Porting AB PLC programs to PC


Thread Starter

robert trask

List persons,

Curious to any comments good or bad in taking RSLogix 5 programs into the RSLogix 5000 software - basically taking existing PLC code and porting it to a PC based platform.

A-B documentation and salesman give the thumb's up. What does the real world have to say?

Feel free to respond to me direct if nervous about A-B list watchers.

Robert Trask, P.E. [email protected]
Three Seas Group
Wilmington, NC USA

Larry Lawver


I'm concerned about the way you phrased your question. RSLogix5 is programming and documentation software for PLC-5 systems from
Allen-Bradley. RSLogix5000 is prog&doc software for ControlLogix (CLX) systems from A-B, a new control architecture not necessarily PC-based.

Both will support a PC-based control platform--- SoftLogix5 and SoftLogix5800, respectively--- but neither package you mentioned is a control solution itself. You should clarify your migration path for this discussion. What platform are you using now, and where do you want
to end up?

Now to your question, if I have it right: Reusing RSLogix5 code in RSLogix5000 to migrate from the PLC-5 to the CLX platform. I have had
pretty good results, but I have heard of problems. I'm looking forward to the submissions to this thread! I have come to the opinion (my own) that migrating to the CLX platform without embracing the producer-consumer architecture produces mediocre results.

This isn't like the progression from the PLC to the PLC-2 to the PLC-5 to the Enhanced PLC-5, where the benefits of upgrading were obvious
and the risks were minimal. In that progression over the last three decades, the master-slave architecture stayed the same and the CPU
continuously improved.

With CLX, a lot of issues that used to be solved in code have been reduced to configuration issues, and producer-consumer architecture is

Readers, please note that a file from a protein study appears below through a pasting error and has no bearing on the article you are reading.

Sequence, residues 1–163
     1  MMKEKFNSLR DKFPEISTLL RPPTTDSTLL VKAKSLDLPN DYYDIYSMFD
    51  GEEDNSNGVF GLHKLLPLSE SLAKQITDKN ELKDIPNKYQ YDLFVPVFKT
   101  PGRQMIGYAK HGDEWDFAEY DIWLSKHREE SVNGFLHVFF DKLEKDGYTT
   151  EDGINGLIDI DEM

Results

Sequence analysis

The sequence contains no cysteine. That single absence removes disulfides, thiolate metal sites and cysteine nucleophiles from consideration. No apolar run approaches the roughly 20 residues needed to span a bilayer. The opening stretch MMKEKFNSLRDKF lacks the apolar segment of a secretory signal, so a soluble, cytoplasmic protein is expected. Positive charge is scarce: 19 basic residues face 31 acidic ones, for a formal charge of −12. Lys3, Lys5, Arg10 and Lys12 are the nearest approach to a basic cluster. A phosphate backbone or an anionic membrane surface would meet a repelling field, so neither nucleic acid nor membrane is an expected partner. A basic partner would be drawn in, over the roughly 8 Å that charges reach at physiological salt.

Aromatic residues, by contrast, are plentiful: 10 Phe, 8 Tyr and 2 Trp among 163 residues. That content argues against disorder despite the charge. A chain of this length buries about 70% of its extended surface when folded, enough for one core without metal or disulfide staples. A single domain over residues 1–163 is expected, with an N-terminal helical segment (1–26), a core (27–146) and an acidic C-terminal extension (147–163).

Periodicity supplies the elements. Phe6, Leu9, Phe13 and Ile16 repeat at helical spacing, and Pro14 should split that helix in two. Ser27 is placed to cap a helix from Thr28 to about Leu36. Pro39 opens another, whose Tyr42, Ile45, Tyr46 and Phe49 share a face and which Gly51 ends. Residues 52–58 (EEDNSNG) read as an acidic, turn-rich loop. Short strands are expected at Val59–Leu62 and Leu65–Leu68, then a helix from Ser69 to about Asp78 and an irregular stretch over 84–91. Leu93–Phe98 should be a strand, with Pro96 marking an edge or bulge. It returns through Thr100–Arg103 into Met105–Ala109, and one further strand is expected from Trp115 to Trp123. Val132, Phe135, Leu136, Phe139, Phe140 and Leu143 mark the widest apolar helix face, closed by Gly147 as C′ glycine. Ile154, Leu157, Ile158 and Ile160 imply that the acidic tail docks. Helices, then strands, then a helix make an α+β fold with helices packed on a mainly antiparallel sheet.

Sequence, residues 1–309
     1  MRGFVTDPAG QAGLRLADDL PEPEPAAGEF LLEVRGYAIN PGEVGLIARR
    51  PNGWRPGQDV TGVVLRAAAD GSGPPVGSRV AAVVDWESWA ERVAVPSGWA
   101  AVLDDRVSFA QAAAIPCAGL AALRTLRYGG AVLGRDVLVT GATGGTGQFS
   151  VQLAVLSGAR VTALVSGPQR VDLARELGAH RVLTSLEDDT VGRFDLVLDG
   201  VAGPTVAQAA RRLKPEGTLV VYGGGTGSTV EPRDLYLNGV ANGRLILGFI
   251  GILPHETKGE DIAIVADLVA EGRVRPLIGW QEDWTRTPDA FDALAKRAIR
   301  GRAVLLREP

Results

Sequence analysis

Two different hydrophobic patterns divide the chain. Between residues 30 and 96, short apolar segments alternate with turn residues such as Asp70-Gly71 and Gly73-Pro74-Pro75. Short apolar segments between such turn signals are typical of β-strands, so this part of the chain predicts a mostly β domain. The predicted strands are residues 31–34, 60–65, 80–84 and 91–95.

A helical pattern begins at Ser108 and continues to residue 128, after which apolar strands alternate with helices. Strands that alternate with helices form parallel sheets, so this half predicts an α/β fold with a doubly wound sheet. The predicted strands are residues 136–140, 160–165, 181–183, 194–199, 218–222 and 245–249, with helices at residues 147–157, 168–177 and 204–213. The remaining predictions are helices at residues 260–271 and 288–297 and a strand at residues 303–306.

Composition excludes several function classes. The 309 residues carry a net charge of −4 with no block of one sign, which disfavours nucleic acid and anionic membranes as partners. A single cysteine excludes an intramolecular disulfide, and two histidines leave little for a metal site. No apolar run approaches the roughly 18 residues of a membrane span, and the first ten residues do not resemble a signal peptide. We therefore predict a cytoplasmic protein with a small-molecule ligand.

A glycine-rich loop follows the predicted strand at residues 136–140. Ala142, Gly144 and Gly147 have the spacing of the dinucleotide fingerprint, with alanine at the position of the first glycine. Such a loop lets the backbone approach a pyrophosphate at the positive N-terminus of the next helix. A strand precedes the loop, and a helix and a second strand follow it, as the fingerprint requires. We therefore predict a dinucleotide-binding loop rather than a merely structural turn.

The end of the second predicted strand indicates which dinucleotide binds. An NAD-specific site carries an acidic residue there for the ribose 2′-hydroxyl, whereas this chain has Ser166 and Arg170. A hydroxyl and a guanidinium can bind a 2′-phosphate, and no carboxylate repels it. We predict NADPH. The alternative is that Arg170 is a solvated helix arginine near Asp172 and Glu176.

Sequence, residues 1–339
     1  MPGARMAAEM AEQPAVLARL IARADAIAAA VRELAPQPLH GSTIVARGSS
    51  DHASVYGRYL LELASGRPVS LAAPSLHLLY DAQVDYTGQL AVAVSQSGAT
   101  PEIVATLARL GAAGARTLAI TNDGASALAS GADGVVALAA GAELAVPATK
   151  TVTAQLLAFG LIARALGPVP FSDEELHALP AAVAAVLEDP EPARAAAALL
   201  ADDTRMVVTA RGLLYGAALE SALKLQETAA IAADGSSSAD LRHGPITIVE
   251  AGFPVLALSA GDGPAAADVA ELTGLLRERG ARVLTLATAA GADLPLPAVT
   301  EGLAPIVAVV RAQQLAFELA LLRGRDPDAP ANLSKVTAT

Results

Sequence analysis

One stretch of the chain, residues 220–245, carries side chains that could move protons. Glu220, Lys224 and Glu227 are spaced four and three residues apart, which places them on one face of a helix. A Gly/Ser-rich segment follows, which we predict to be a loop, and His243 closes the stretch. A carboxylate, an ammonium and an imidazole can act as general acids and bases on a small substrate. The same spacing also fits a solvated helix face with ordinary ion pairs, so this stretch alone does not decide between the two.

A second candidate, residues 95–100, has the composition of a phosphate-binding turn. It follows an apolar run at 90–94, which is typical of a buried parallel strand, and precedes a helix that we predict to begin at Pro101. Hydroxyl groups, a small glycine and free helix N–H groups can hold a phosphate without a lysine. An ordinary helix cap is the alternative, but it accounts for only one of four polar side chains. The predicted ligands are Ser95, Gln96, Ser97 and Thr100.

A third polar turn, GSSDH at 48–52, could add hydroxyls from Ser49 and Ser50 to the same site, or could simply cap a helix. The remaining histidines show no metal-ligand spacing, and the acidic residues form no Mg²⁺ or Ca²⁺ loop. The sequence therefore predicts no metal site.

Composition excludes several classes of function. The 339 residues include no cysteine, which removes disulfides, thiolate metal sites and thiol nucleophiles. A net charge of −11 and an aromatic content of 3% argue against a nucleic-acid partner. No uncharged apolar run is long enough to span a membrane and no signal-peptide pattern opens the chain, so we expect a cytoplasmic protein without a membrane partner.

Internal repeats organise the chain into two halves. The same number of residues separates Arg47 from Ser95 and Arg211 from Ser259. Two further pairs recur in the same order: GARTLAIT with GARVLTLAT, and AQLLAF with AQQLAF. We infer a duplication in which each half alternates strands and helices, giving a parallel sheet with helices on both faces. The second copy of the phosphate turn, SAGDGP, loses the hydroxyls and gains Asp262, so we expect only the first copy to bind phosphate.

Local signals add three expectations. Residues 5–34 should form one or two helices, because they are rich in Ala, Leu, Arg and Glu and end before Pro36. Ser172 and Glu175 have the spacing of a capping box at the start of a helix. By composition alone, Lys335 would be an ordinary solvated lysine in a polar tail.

only a benefit if you move away from the master-slave thinking. While I am enthusiastic about CLX for new designs, I have found myself
recommending PLC-5s and SLC500s to existing customers expanding existing systems.

Ultimately, since PLC-5s and SLC500s are still getting enhanced and are in no danger of obsolescence, a client that just wants to do what these well-established products do might as well continue to buy them. (Again, my own opinion!!!) The benefits of the CLX architecture are not realized by simply reusing code.

Finally, I would be astounded to learn that anyone on the A-List is nervous about us A-B partisans. We play nice and put up with irrational attacks upon our products with a smile. For me, the List provides a valuable opportunity to learn what the world outside my market is experiencing with my products, for the benefit of my own clients. Thus, I hope that everyone responding to your question posts to the List.

Hope this helps!

Larry Lawver
Rexel / Central Florida

Trevor Ousey

I just attended an AB TechEd/ACIG session and you can convert PLC5 to ControlLogix, but there is a good chance it may run slower. Apparently there is a white paper at AB.com (somewhere?) discussing optimising for ControlLogix. At this stage I haven't tried it.

Trevor Ousey

Craig Spinharney

"Ultimately, since PLC-5s and SLC500s are still getting enhanced and are in no danger of obsolescence,"

Enhancements to the PLC-5 have been and are getting to be fewer and farther in between. With cost/performance considerations, the CLX is almost always a better solution to the PLC-5. The SLC500 on the other hand, has had enhancements (very recently too!!). It is still a very viable platform when a MicroLogix is not enough and the migration to CLX is fiscally out of the question.
The migration of code from PLC to CLX is not as clean as I would like it, but the fact that you are going from a structured (data tables) format to a more free-form environment poses problems for any conversion algorithm and a "best guess" is sometimes all that is rendered. But hey, the PLC-2 to PLC-5 conversion required mopping up as well due to communications, BCD, and unsupported command issues. All in all it does a pretty good job and yes, optimization after the fact is often necessary.

Craig Spinharney
Rockwell Automation